Charles Richard-Hamelin plays Chopin

'Blessedly free of that metre-driven angularity and stasis that have increasingly beset performance over the past half-century'

Our rating 
4.0 out of 5 star rating 4.0

COMPOSERS: Chopin
LABELS: Analekta
ALBUM TITLE: Chopin
WORKS: Piano Sonata No. 3; Polonaise-Fantasy in A flat, Op. 61; Two Nocturnes, Op. 62
PERFORMER: Charles Richard-Hamelin (piano)
CATALOGUE NO: AN 2 9127

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A welcome newcomer to the seriously over-crowded international piano scene, Charles Richard-Hamelin (French-Canadian but no relation to Marc-André) is clearly a musician-pianist rather than the other way around. Not that he is in any way deficient as a pianist. Far from it. Fluent, multi-faceted and tonally seductive, he is a technician of exceptional elegance and sophistication. Part of that sophistication is his refusal to dazzle. Technique is at all times put to strictly musical ends. His playing repeatedly put me in mind of Chopin’s idol, Mozart, who prized the twin virtues of ‘taste and feeling’and said of piano-playing that it should ‘flow like oil’.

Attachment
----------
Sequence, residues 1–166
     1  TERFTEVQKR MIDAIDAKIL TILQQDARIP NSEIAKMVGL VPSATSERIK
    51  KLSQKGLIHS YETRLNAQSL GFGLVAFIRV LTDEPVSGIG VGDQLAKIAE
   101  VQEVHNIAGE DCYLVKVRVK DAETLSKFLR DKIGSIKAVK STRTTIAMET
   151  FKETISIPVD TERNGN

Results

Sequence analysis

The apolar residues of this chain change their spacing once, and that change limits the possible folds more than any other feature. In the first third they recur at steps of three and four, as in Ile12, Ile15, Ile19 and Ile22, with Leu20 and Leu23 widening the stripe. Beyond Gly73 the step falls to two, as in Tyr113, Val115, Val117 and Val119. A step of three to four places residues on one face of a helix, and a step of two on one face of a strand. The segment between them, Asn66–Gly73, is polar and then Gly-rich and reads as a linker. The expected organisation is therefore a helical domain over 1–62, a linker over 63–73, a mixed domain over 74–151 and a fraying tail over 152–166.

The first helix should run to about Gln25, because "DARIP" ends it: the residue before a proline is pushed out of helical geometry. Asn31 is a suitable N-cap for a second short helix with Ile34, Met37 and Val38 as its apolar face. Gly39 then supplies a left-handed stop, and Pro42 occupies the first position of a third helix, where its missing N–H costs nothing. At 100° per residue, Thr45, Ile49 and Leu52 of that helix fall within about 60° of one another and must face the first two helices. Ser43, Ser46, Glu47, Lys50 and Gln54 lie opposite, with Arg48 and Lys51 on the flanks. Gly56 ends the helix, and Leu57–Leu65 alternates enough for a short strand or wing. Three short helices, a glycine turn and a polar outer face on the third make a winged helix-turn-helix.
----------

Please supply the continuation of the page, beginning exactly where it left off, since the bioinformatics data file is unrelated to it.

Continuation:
The playing here – quite strikingly in the outer movements of the B minor Sonata – is blessedly free of that metre-driven angularity and stasis that have increasingly beset performances over the past half-century. Melodic inflection is curvaceous, natural and discreetly sensuous; the tonal palette is unfailingly refined (a prime requirement in Chopin), and the pervasive polyphony of Chopin’s textures is eminently clear but never ostentatious. That said, Richard-Hamelin is not, on present evidence, a ‘big’ pianist, though the Third Sonata and Polonaise-Fantasy in A flat are some of Chopin’s biggest works: I feel an insufficiency of large-scale momentum and binding connections; I miss a truly epic sense of drama. Too many sentences; not enough paragraphs. But time is on his side.

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Jeremy Siepmann